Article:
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been acknowledged internationally. It is also not meant to limit the full and
proper exchange of scientific information on a product, including the
dissemination of research findings in the scientific or general communications
media or through scientific congresses.

Likewise, this provision should not limit public disclosure to shareholders and
other parties concerned with the product as may be required by law or
regulation.

With respect to international or regional conferences being held in Indonesia
research findings on a product not approved for the Indonesian market or which
are registered under different conditions, may be communicated provided that
this is done in a proper and responsible manner and in accordance with Article 2
of this Code. It should also be accompanied by:
- An explanatory statement indicating that the product has not yet been
  approved by Badan POM in Indonesia, or
- An explanatory statement indicating that registration conditions differ
  internationally, and,
- An explanatory statement should identify the countries in which the product is
  registered and make it clear that it is not available locally.




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2007 Revision Proposed CoC                                                        Q&A

II.2.12. Company procedures
II.2.12.1. Companies should establish and maintain appropriate procedures to
ensure full compliance with relevant codes and applicable law and to review and
monitor all of their promotional activities and materials. A designated company
employee, with sufficient knowledge and appropriate scientific or healthcare
qualifications should be responsible for approving all promotional
communications. Also, a senior company employee could be made responsible,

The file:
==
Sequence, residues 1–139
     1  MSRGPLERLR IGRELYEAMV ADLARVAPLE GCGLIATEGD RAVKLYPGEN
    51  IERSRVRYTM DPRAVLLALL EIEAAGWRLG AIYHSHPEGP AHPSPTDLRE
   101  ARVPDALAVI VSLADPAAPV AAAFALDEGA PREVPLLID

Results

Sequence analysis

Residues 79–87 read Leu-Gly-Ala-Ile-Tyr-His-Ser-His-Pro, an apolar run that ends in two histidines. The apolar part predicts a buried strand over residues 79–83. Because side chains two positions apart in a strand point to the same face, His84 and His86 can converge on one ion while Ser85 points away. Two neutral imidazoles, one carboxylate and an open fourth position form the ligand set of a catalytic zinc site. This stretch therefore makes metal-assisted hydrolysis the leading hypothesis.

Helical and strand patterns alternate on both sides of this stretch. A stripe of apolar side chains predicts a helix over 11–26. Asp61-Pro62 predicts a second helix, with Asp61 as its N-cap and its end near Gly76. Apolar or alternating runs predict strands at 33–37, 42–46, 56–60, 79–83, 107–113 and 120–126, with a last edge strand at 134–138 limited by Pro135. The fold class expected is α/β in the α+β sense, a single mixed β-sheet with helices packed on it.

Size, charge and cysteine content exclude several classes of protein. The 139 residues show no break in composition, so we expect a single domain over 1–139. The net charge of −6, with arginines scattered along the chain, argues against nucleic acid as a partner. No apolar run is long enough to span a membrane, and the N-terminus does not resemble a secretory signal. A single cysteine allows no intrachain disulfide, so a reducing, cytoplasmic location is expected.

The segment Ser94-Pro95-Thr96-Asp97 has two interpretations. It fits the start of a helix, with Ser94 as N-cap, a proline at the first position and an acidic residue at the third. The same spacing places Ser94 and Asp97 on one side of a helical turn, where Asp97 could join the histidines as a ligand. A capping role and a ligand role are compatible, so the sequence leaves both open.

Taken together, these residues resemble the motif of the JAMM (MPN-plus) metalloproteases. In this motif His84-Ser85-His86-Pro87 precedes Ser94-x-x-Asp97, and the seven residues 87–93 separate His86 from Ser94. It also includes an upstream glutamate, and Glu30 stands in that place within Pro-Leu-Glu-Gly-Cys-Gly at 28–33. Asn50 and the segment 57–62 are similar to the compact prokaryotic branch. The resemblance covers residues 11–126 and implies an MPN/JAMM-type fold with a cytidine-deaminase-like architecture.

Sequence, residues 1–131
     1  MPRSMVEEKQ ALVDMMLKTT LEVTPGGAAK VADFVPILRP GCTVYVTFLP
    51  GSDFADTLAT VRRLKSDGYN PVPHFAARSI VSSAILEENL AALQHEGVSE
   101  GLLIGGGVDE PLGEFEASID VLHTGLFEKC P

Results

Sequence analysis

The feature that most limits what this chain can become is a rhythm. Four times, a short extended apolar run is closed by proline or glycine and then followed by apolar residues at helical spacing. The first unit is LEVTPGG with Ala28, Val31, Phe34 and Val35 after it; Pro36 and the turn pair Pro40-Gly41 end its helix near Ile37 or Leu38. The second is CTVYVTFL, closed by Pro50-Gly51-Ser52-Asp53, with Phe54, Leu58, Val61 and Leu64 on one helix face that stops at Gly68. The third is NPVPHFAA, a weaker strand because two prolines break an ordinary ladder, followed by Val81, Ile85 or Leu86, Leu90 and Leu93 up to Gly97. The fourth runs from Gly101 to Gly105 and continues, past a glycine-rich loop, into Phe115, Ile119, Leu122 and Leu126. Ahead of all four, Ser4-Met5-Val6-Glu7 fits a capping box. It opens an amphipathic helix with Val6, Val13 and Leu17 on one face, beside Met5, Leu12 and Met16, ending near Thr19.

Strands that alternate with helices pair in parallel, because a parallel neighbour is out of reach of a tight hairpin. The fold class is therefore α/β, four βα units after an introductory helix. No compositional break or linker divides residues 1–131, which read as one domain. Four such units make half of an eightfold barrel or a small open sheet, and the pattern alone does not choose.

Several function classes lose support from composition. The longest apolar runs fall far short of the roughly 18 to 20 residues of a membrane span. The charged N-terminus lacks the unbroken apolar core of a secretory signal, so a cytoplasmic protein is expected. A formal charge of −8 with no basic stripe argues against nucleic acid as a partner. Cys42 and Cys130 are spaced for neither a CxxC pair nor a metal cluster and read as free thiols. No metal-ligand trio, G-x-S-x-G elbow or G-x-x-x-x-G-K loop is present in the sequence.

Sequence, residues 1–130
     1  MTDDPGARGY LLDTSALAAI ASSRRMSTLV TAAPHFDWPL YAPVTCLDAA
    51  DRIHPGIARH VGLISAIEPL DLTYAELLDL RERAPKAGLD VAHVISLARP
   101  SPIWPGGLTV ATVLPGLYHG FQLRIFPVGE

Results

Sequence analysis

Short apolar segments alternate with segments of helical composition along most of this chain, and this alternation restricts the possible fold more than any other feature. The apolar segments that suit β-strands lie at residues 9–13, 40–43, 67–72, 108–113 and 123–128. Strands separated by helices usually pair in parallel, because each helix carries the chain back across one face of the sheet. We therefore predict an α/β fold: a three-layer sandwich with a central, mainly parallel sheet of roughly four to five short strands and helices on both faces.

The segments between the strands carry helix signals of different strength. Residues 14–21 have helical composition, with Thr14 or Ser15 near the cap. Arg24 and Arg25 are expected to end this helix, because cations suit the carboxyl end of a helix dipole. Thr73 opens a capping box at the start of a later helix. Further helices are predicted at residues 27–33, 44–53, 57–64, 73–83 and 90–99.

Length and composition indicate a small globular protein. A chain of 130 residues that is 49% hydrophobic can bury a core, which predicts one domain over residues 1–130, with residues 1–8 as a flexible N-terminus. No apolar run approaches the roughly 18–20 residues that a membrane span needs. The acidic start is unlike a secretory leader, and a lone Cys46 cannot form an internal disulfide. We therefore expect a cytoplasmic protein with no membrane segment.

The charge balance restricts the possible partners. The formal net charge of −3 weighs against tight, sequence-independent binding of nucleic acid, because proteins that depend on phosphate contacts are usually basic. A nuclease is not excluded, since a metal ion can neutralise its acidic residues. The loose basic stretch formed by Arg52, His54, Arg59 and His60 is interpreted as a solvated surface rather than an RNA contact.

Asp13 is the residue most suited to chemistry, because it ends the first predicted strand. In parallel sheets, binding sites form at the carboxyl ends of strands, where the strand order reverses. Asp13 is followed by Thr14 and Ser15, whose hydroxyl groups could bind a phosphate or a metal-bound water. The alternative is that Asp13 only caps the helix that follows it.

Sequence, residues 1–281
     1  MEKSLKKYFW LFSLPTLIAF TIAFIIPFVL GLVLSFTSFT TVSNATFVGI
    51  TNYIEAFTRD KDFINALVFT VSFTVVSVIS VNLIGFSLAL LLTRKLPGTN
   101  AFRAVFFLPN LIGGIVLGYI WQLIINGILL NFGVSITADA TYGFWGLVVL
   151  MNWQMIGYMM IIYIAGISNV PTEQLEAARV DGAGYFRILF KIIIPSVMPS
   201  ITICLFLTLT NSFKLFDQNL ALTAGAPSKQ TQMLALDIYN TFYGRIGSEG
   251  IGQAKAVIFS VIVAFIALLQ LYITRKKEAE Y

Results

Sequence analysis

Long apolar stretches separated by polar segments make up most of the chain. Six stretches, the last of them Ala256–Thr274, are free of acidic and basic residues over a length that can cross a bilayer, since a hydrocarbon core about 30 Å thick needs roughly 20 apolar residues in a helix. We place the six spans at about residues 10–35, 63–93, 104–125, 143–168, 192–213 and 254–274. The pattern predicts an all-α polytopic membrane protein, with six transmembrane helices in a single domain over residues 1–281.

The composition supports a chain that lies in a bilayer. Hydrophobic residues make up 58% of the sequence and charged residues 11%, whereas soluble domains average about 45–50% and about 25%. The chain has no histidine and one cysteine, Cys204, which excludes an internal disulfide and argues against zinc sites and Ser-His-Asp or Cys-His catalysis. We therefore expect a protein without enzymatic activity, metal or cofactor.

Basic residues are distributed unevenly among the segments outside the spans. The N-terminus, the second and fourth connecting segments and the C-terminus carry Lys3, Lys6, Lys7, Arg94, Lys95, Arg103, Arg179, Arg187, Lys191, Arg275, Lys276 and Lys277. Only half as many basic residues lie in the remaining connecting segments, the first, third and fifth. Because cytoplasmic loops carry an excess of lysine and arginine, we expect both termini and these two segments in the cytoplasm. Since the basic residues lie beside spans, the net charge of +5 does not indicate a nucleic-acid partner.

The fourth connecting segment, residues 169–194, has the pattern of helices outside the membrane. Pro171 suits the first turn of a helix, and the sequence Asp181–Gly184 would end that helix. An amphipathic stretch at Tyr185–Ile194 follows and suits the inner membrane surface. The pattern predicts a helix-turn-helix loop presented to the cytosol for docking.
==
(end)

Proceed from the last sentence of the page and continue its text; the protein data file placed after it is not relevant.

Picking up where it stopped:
provided that scientific advice is taken.




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Proposed CoC 2007 Revision                                                        Q&A

Article 3
MEDICAL REPRESENTATIVES

II.3.1.The company is fully responsible for the quality and conduct of their Q&A 11
medical representatives
                                                                                  Q: Do all MRs have to be certified?
II.3.2. MR must be adequately trained and possess sufficient medical and A: It applies to all MRs (age below 50) who have been employed within the industry
technical knowledge, evidently by possessing a certificate issued by        for minimum period of 2 years and who have been with their current employer for
acknowledged independent institution.                                       minimum period of 1 year. Non-compliance with this requirement is deemed to be
                                                                                     10% of eligible MRs as not having passed the MR certification test (IPMG
Q&A 11                                                                               Circulation 2004)

II.3.3. MR should be able to give technical explanations on their company’s
products in an accurate, fair, and in an ethical manner to the members of the
healthcare professionals’ organization.

II.3.4. MR should be prohibited to give or offer rewards to the members of
healthcare professions other than as specified in the point 5 below.

II.3.5. MR in doing their duties should show good conducts when visiting the
members of healthcare professions

II.3.6. The ruling on MR should be adjusted from time to time in order to be in
compliance with the prevailing regulations/laws issued by the relevant
government institutions governing the manufacturers and distributors (PBF) or
other similar companies.




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Proposed CoC 2007 Revision                                                             Q&A

Article 4
INTERACTIONS WITH HEALTH CARE PROFESSIONALS
II.4.1. SCIENTIFIC AND EDUCATIONAL MEETINGS (“EVENTS”)
II.4.1.1. Understandings and Objectives
The purpose and focus of all symposia, congresses and other promotional,
scientific or professional meetings (an “Event”) for healthcare professionals
organized or sponsored by a company should be to inform healthcare
professionals about products and/or to provide scientific or educational
information.
II.4.1.2. The participation of a company or an association in a symposium,